Category Archives: Director’s Corner

Capping the TMMBA experience

blog cap

The goal of any MBA capstone is to measure students’ ability to synthesize and demonstrate their understanding of key business and managerial frameworks, concepts and insights taught through the MBA coursework.  The capstone experience varies from program- to- program.  In researching and talking with my MBA and EMBA colleagues from around the U.S. it seems that capstones fall into three main categories:  case competitions, integrated or consulting projects and business plan competitions.

Remember your TMMBA capstone course or competition?

The TMMBA capstone experience has included case competitions (2002-2007), technology commercialization course and competition (2008-2010) and most recently a Venture Capital Investment course and competition (2011-2012).  To varying degrees, each of these capstones met the goals of a capstone and we appreciate all our various stakeholders for making each one a success.

As you reflect on your experience what comes to mind? 

I’m looking to our TMMBA community for constructive input, suggestions and ideas to move this experience forward.  I’m a firm believer that none of us are as smart as all of us – and while there may not be a “silver bullet” for the capstone experience, I’m certain with your help we can get very close!

There is always room to improve, innovate and evolve.

In the next monthly alumni TMMBA email we’ll announce the date for an early January dinner meeting – we’ll catch up and talk capstone!

I hope you will consider helping.

 

Tracy

Tracy Gojdics is the Director of the TMMBA Program and an alumna from the Class of 2007. Outside of the office you might find Tracy out hiking, running, reading, or spending quality time with her family. Tracy can be contacted at tracylt@uw.edu or via phone at 206-616-2610.

TMMBA heading to Vietnam in 2014

The TMMBA Program is pleased to announce that Vietnam (Ho Chi Minh City and Hanoi) will be the 2014 TMMBA International Study Tour (IST) destination.  The Study Tour allows students, alumni, staff and faculty to experience business and culture a different world environment through personal meetings with executives and senior managers, entrepreneurs, company visits, government agencies and cultural excursions.  The IST allows students to apply what they have learned in the classroom to another business and cultural environment and to develop and grow the global mindset necessary to be successful in an international business environment. Participants also have a lot of fun as they learn more about each other and create friendships that will last a lifetime.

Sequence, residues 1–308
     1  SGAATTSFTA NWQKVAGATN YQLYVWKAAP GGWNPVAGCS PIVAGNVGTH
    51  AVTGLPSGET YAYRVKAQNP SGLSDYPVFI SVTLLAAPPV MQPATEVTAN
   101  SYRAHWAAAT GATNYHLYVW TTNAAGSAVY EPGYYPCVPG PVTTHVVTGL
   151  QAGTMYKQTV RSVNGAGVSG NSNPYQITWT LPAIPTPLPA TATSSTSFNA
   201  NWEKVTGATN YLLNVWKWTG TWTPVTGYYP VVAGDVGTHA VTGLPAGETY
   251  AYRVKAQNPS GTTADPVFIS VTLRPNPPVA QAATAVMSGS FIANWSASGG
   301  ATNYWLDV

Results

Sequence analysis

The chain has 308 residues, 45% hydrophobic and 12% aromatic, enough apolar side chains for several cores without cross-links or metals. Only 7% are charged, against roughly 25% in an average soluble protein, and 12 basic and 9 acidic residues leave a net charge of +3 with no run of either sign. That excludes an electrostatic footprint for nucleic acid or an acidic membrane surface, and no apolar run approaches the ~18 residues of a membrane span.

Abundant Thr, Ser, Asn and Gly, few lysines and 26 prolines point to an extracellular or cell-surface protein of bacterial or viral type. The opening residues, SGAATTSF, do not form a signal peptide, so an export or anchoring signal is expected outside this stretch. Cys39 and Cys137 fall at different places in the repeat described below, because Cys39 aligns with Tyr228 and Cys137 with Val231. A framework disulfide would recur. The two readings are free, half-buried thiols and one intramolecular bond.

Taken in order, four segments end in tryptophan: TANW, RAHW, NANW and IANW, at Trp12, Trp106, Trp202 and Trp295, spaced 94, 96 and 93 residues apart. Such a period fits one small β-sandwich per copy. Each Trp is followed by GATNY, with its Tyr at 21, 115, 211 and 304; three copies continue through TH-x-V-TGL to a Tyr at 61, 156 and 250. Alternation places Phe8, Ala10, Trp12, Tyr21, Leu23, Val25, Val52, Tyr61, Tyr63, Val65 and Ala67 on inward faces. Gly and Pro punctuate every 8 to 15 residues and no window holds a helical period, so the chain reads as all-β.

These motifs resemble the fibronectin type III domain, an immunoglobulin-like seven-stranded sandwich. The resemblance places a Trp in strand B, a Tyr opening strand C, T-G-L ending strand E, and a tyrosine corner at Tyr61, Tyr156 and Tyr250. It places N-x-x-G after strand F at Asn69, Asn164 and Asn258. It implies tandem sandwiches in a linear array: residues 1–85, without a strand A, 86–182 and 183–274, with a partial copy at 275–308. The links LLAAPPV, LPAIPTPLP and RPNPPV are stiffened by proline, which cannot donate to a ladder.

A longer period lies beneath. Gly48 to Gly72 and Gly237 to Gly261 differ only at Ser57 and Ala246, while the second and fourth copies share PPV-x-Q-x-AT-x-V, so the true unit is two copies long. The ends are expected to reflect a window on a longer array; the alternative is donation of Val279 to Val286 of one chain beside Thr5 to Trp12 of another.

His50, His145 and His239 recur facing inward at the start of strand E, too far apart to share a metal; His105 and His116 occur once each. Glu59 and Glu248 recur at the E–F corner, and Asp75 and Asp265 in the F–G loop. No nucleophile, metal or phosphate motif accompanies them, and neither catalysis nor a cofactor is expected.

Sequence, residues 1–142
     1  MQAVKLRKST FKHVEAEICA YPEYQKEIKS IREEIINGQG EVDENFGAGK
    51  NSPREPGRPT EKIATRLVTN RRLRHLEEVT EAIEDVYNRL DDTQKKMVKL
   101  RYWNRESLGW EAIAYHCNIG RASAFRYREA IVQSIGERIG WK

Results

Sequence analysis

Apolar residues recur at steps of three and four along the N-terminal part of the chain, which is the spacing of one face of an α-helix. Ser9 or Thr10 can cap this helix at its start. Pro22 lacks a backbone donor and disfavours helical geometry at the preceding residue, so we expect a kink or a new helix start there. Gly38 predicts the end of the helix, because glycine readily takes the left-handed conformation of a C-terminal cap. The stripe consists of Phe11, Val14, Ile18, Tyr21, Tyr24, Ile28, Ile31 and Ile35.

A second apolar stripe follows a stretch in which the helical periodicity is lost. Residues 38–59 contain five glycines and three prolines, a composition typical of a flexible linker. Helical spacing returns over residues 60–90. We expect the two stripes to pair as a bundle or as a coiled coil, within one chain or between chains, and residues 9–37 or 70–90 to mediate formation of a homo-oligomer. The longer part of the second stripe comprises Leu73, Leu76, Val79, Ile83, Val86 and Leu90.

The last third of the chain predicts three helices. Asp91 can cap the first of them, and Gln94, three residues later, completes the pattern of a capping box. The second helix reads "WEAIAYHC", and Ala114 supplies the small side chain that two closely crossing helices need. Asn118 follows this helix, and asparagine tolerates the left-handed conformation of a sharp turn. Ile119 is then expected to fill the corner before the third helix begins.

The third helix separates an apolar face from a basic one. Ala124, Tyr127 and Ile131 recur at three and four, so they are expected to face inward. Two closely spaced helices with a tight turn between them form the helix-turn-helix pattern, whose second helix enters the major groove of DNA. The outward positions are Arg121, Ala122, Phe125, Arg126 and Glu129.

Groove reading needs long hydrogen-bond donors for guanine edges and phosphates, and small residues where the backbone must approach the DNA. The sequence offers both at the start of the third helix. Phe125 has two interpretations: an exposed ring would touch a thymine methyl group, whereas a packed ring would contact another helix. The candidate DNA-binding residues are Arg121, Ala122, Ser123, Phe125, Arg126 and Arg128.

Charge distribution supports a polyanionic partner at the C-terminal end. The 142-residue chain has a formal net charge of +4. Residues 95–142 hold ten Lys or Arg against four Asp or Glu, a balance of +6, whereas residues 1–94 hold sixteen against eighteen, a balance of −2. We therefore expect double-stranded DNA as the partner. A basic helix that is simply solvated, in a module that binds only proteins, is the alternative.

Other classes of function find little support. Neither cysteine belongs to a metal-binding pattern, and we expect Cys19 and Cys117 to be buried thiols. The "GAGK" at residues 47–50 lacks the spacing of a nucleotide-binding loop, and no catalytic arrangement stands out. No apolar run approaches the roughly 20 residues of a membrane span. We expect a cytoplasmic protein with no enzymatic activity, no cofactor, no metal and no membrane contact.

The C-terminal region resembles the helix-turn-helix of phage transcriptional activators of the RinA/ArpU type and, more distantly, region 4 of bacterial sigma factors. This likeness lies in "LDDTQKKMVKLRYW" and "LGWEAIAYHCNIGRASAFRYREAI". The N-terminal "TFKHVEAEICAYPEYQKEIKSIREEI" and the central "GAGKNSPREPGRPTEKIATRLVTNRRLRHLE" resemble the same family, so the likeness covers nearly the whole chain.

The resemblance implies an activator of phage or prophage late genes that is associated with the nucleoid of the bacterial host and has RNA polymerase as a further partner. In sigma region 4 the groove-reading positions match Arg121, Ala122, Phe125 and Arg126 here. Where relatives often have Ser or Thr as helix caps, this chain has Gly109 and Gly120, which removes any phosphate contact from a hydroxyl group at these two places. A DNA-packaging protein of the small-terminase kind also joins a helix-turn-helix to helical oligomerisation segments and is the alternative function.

flag

 

Vietnam:

 

  • Predicted to be one of the fastest-growing of the world’s emerging economies by 2025.
  • Manufacturing, IT and high-tech industries now form a large and fast-growing part of the national economy.
  • One of Asia’s most open economies. Economic reforms pushing toward a system of capitalism.
  • U.S.-Vietnam Bilateral Trade Agreement opens up new markets for U.S. goods and services, and as Vietnam meets its WTO commitments, the Vietnam market represents the next great opportunity for all types of American companies.
  • Privately owned enterprises encouraged, and entrepreneurship has played a significant role in the country’s growth rate, in line just behind China and India.
  • Investment in infrastructure and tax incentives to stimulate the tech industry. Heavy investment in industry parks.

The IST is definitely a highlight of the program.  Read more about the TMMBA International Study tour by reading student, alumni, staff and faculty blogs from previous trips.